The priority remains the same. Of course, this means that our platform must evolve to take advantage of SOA, wireless and other technologies, as our custom applications and those delivered by our vendors become even more ubiquitous.

Babson emphasizes QoS beyond Layers 2 and 3. How does your group contribute to optimizing the user experience?

For Babson, QoS can be defined simply by customer satisfaction. Our effectiveness is measured by consistently high-application availability and performance. We continuously improve our applications and infrastructure based upon the feedback from our users and the logging/monitoring that we build into all of our in-house applications.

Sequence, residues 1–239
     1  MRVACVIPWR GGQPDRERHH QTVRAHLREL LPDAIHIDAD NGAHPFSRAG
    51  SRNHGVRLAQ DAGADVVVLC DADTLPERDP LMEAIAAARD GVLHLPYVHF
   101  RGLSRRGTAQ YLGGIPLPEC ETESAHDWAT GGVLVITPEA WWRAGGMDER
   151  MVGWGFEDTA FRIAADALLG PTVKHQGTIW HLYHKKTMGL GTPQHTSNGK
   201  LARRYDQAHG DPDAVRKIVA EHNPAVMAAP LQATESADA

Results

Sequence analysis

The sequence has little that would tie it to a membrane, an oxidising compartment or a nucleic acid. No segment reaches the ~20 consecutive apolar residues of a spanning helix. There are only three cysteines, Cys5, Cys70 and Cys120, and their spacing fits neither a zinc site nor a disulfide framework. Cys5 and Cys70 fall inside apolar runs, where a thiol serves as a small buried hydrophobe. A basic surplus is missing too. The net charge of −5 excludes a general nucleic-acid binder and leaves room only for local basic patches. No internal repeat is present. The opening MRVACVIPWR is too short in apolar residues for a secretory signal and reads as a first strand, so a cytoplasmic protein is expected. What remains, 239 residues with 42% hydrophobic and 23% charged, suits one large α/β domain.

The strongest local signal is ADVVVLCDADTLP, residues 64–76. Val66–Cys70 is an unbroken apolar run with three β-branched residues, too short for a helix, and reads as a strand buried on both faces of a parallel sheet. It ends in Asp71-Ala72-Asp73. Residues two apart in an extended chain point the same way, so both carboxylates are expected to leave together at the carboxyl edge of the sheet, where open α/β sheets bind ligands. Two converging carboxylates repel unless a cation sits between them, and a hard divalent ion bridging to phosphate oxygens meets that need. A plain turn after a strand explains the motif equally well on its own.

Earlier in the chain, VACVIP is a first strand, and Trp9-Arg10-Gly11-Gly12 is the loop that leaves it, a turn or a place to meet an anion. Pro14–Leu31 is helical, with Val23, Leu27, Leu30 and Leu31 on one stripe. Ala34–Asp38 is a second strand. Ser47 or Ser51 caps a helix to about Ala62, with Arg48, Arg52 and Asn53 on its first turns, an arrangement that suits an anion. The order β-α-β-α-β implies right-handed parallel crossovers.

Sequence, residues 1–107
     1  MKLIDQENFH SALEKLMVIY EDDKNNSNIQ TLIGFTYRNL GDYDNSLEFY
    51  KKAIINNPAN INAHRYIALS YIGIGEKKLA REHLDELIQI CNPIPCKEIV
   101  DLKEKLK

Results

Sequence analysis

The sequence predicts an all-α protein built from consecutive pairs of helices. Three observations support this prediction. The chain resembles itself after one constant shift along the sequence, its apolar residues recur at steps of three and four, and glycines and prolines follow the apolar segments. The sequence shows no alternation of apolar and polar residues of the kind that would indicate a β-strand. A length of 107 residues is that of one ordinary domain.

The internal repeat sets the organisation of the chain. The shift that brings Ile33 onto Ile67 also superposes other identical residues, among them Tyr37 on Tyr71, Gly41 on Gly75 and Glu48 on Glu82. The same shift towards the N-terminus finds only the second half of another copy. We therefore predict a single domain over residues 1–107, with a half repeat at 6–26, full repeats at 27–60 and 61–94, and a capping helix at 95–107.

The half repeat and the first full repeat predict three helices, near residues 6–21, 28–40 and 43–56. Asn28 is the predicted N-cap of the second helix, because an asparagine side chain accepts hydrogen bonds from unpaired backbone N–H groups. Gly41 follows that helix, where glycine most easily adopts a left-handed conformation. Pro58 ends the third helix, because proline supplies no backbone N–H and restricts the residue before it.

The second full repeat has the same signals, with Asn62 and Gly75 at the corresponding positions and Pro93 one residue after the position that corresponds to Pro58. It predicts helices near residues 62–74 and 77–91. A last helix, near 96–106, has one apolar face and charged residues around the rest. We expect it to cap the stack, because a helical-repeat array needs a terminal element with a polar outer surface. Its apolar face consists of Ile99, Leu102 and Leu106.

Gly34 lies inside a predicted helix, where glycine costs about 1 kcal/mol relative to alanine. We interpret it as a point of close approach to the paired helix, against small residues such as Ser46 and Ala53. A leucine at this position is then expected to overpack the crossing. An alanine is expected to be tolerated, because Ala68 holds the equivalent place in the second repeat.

How do you get buy-in from nontech groups at Babson when you're rolling out new technology?

One of the advantages of working in higher education, particularly in a school with such an entrepreneurial focus, is that even our most nontechnical users are being pushed by their customers -- generally, the student body -- to continuously evolve their processes and offerings. This environment of near constant change has made it relatively easy for us to roll out new technologies that provide perceived advantages, no matter how incremental. The larger challenge for us is to reign in some of our more bleeding-edge groups to derive more value from the existing applications.

What one technology has you most excited these days?

Mashups and using the Web as a platform. Our development team is working on projects to further enhance our portal by offering Babson-specific mashups, customized RSS feeds and more community functionality.

Name a technology you think is overhyped or underrated?